Texas Fertility Center Lauds AMA Designation of Infertility as a Disease as Sign of Hope for Patients

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Texas Fertility Center lauds the recent announcement by the American Medical Association that it views infertility as a disease, in line with the World Health Organization decision. The center has been advocating for the decision for years, hoping that insurers will see infertility in a new light and ease the financial burden on patients trying to start families.

Kaylen Silverberg, M.D. Fertility Specialist

Kaylen Silverberg, M.D., founding partner and medical director of the Texas Fertility Center

We are very pleased to see the AMA join WHO in determining that infertility is a disease, not an elective condition. Our hope is that insurance companies will expand coverage for at least the diagnosis, if not the treatment, of infertility.

The recent vote by the American Medication Association to align with the World Health Organization in recognizing infertility as a disease gives new hope to patients and hopefully sheds new light on the way health insurers, governments and the public view the disorder, says Kaylen Silverberg, M.D., an infertility expert and founding partner of Texas Fertility Center.

“This designation is something we have been advocating for years,” says Silverberg of the AMA vote at its 2017 annual meeting. “We are very pleased to see the AMA join the WHO in determining that infertility is a disease, not an elective condition. Our hope is that insurance companies will now do what’s right and expand coverage for at least the diagnosis, if not the treatment, of infertility.”

The Toll of Infertility

More than one in eight couples in the United States struggles with infertility, according to the Centers for Disease Control and Prevention. Because health insurers have not recognized infertility as a disease, individuals and couples have been forced to pay for diagnosis and treatment costs out-of-pocket.

“At Texas Fertility Center, we recognize that our patients covered through employer-sponsored benefits programs pay the same health insurance premiums as their fellow employees, but they are unable to use their funds to cover the disease that affects them – infertility. Their colleagues can use their premium dollars to pay for the diagnosis and treatment of heart disease, diabetes, and even pediatric illnesses, while our patients have to pay out-of-pocket for their fertility care,” Silverberg points out. “And, the downstream effect can be devastating, not only in terms of financial burden, but also the psychological impact of not being able to start a family when they so desperately want one.”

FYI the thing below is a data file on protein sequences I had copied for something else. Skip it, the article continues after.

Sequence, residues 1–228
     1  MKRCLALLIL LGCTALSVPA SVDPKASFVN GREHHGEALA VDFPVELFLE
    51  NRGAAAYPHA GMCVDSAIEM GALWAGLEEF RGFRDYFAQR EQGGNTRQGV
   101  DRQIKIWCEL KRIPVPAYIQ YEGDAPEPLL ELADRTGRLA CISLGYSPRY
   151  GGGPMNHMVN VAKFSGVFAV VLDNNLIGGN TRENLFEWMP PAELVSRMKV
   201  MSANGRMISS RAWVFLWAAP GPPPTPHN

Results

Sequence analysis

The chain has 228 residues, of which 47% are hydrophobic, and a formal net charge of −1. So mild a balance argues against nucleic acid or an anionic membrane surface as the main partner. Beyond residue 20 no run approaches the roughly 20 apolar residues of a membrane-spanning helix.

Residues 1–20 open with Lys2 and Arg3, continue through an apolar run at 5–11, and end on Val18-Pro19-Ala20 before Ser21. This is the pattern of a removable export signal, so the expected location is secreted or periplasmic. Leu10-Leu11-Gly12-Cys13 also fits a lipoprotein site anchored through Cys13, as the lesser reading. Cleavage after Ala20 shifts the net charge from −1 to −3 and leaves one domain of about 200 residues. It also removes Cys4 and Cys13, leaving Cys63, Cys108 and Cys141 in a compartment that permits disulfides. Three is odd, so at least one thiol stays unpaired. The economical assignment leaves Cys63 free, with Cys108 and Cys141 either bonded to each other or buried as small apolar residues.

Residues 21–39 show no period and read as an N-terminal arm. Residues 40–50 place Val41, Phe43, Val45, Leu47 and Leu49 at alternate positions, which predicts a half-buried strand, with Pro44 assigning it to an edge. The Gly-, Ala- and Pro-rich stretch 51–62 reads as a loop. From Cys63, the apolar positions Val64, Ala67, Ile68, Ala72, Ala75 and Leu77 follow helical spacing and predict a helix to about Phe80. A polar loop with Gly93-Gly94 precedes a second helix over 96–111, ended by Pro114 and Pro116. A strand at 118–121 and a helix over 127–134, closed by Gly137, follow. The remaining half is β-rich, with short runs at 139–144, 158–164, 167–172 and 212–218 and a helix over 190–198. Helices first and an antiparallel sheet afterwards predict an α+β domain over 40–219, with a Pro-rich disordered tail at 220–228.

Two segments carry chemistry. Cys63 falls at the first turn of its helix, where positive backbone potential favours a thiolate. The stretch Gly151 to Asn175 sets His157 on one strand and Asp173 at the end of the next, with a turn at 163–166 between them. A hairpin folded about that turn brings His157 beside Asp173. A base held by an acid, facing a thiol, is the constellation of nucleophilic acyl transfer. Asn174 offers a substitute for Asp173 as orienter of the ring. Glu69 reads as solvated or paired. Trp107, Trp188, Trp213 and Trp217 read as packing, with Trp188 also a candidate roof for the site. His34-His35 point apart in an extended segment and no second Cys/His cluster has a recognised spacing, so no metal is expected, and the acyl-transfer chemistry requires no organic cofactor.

Just ask Kristy Hurst of New Braunfels, Texas, who with her husband, Terry, found themselves greatly challenged by infertility issues. In addition to the emotional toll, the Hursts faced the financial burden of not being able to use insurance to cover the costs of treatment.

Now the mother of healthy sons, ages 7 and 11, Hurst hopes the AMA ruling will bring relief for other individuals and couples who have dreams of families. “It breaks my heart to think about how close our kids came to never existing at all, were it not for the fact that we were able to work out a way to find the money we needed to bring them into the world,” she says.

Infertility Diagnosis and Treatment Matter

Finding out what is wrong when someone cannot become pregnant or sustain a pregnancy is a major step in treatment, Silverberg says. But the stigma that infertility is really not a medical issue may prevent people from even seeking assistance.

“People suffering from infertility often feel isolated and are faced with statements such as, ‘This isn’t really a disease, so what are you worried about?',” he notes. “And those comments, plus the lack of recognition of the true state of this disease, further compound the psychological issues that our patients experience.”

Now that global and national organizations are coming to the table, Silverberg says, hopefully providers such as Texas Fertility Center and others will be able to tell their patients that their treatment costs are covered by insurance – the same as with any other disease. “We applaud the AMA for stepping up to the plate.”

Hurst echoes those comments.

“So many people may never get to see their dreams of parenthood fulfilled,” she says. “I hope this recognition of infertility as a disease leads to better insurance coverage for others who, like us, need fertility treatment to have a child.”

About Texas Fertility Center
Texas Fertility Center (TFC), one of the nation’s leading full-service infertility practices, provides advanced infertility and reproductive endocrinology services to patients throughout Texas, the Southwestern United States and the Americas. For over 30 years, TFC has been recognized nationally for outstanding pregnancy rates, cutting-edge laboratory procedures and innovative research programs. Texas Fertility Center has expanded to include five locations in North Austin, South Austin, Central Austin, Round Rock and San Antonio. TFC’s physicians co-founded Ovation Fertility™ and Ovation Fertility™ Genetics, one of the nation’s leading networks of IVF and genetics laboratories.

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Amy Hall
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